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Research and Related Activites 

Richard C. Aster, Professor of Geophysics

Seismology is the most fruitful method of probing the detailed structure of the deep Earth. Much of my work exploits this property of elastic waves to learn about earthquakes, volcanoes, unusual seismic sources (including explosion, ice, and oceanic microseism signals), and to use the propagation attributes of seismic waves to image Earth structure. Virtually all of my projects support Ph.D. and/or M.S. graduate students.

I am currently a co-P.I. on a large passive broadband PASSCAL seismic experiment, CREST (Colorado Rockies Experiement and Seismic Transect).which is probing the structure of the upper mantle beneath the Rocky Mountains to shine light on the nature and impact of deep thermal and other anomalous structure. The southwestern and Rocky Mountain region of the U.S is unusual in that it consitutes one of Earth's great plateau provinces (the Colorado Plateau) and includes a mixture of ancient (Proterozoic) and recent (for example, the approximately 30 million-year old, and still active, Rio Grande rift) crustal and mantle structures (e.g., see web page for a synopsis of a recent paper in the region on small-scale convection at the edge of the Colorado Plateau). I am also a co-P.I. on the POLENET project, which is incorporating new data collection and seismic imaging to produce new tectonic and ice sheet insights in west Antarctica as part of the International Polar Year. My deep Earth imaging and other research efforts are supported by the National Science Foundation and by the Institute of Geophysics and Planetary Physics at Los Alamos National Laboratory.

aster_tent_aeqVolcano seismology is another area of study that I have been active in for many years. Along with professor Philip Kyle, at NMT, I am co-principal investigator on the Mount Erebus Volcano Observatory (MEVO; the photograph at right was taken at Fang camp on Mount Erebus). MEVO, funded by the National Science Foundation Office of Polar Programs, performs geophysical and geochemical research on the active Erebus Volcano from McMurdo Station, Antarctica. Volcanoes produce a wide range of complex seismic signals due to interacting stress-release and fluid-movement sources. For example, at Erebus, signals from seismometers as close as 700 m to the active vents showing the flexing of the volcano summit region from moving magma before and after the volcano's spectacular Strombolian eruptions, and infrasound propagating through the atmosphere provides unique information on eruptions.

Along with Allan Sanford and Susan Bilek, with assistance from EES staff and students, I assist in the processing and interpretation of data to examine the seismic activity of New Mexico and the southwest U.S. using a regional network of seismic stations operated by NMT. The greatest concentration of seismic activity in New Mexico is concentrated in the Socorro region due to the presence of an inflating mid-crustal (approximately 19 km) magma body beneath the Rio Grande rift, discovered by Dr. Sanford and his students at New Mexico Tech. The effect of the magma body is very noticeable in many local earthquake seismograms through the presence of reflected phases from its top surface. A recent research project, supported by Los Alamos National Laboratory, uses GPS and broadband seismometers to further probe the structure and ongoing activity of the Socorro Magma Body.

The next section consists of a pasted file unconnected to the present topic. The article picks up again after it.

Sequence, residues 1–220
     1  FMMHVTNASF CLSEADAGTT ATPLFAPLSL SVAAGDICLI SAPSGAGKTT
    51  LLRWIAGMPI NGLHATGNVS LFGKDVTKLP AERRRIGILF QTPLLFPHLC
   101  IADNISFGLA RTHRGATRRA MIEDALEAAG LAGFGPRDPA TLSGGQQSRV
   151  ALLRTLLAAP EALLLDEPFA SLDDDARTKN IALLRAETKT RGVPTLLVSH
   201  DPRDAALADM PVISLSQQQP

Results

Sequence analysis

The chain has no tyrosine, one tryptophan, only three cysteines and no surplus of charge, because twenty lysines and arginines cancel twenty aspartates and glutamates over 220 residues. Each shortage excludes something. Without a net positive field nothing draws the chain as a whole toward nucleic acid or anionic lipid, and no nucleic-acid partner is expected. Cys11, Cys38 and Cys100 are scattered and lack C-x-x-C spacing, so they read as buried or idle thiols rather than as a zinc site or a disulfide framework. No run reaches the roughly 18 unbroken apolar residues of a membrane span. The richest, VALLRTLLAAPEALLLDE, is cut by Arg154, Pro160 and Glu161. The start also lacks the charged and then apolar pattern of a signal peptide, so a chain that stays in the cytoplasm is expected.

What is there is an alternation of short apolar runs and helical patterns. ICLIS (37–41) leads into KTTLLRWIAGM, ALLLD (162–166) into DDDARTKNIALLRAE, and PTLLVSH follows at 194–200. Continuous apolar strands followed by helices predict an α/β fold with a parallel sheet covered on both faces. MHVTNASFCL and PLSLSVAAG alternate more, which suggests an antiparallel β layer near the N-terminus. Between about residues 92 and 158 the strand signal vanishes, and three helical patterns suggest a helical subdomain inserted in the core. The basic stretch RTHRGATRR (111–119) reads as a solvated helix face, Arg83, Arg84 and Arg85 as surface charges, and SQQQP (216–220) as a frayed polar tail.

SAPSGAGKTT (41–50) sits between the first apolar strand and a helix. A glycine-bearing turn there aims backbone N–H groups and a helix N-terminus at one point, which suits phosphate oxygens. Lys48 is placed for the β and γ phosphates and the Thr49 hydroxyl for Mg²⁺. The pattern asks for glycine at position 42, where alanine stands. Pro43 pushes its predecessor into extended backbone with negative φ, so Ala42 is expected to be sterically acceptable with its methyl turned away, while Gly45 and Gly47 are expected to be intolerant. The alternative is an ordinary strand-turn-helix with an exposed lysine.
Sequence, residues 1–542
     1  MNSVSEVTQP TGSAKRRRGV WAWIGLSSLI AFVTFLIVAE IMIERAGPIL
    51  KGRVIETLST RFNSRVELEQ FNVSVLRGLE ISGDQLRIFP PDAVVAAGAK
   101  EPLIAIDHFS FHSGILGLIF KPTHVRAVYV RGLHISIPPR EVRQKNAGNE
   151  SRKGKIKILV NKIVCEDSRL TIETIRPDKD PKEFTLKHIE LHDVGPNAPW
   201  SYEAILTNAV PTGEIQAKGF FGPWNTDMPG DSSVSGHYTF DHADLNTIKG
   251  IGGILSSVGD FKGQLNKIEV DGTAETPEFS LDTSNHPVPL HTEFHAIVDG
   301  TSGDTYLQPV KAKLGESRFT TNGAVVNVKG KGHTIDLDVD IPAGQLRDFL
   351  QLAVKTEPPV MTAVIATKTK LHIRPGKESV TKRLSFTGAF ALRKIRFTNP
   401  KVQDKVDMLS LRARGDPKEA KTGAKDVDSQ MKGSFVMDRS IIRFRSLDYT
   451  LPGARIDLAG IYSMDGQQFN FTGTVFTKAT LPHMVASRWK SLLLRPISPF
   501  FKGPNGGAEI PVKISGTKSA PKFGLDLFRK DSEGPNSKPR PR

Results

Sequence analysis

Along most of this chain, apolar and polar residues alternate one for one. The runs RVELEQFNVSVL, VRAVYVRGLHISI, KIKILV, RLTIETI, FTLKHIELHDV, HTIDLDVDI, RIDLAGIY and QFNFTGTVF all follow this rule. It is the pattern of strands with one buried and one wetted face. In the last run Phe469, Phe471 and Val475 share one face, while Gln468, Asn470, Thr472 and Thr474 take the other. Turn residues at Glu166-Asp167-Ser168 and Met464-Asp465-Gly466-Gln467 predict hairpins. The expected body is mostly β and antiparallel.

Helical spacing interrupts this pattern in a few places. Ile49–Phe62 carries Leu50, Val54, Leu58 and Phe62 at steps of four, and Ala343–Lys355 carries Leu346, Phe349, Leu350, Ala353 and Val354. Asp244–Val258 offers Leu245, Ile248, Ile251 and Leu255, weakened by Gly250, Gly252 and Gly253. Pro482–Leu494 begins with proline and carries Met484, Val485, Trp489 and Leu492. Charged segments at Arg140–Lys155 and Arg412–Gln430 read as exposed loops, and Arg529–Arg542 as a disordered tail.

Another area of recent interest for me has been the utilization of Earth's seismic background noise to assess storm intensities and other possible indicators of climate change and climate cycles.

I am the principal investigator, in association with NMT Research and Economic Development of the on-campus Program for Array Seismic Studies of the Continentall Lithosphere (PASSCAL) Instrument Center, a National Science Foundation facility of the IRIS Consortium, supporting seismological research for seismologists both here at NMT and from many other research institutions throughout the world. IRIS is a critical consortium of over 100 universities and other institutions involved in seismological research. The PASSCAL Instrument Center at NMT currently supports over 35 professional staff, and provides unique opportunities for Tech students to involve themselves in cutting-edge seismological research and gain experience with state-of-the art instrumentation. The PASSCAL Instrument Center operates in close association with the co-sited EarthScope Program's USArray Array Operations Facility. EarthScope is a major NSF facilities and science initiative to understand the fundamental structure, processes, and evolution of continents using North America as a natural laboratory.

I recently co-chaired the workshop activites and writing of a Long-range Science Plan for Seismology for the National Science Foundation in association with IRIS and a number of national and international colleagues.

I have strong enthusiasm for and commitment to general education and outreach on behalf of seismology and science, and give regular public lectures at primary and secondary schools, universities, museums, and community groups. One way that we work with colleagues across the nation to encourage promising young scientists pursuing careers in Earth Science is through the IRIS Internship Program, which incorporates an orientation week held each spring at New Mexico Tech.

During 2009-2010 I presented a series of public lectures in a variety of cities as an IRIS/SSA Distinguished Lecturer. From 2009-2011 I served as president of the Seismological Society of America (SSA) and am currently on the SSA Board.

Created: ( Monday, 26 September 2011 09:29 )
Last Updated: ( Wednesday, 27 March 2013 11:35 )
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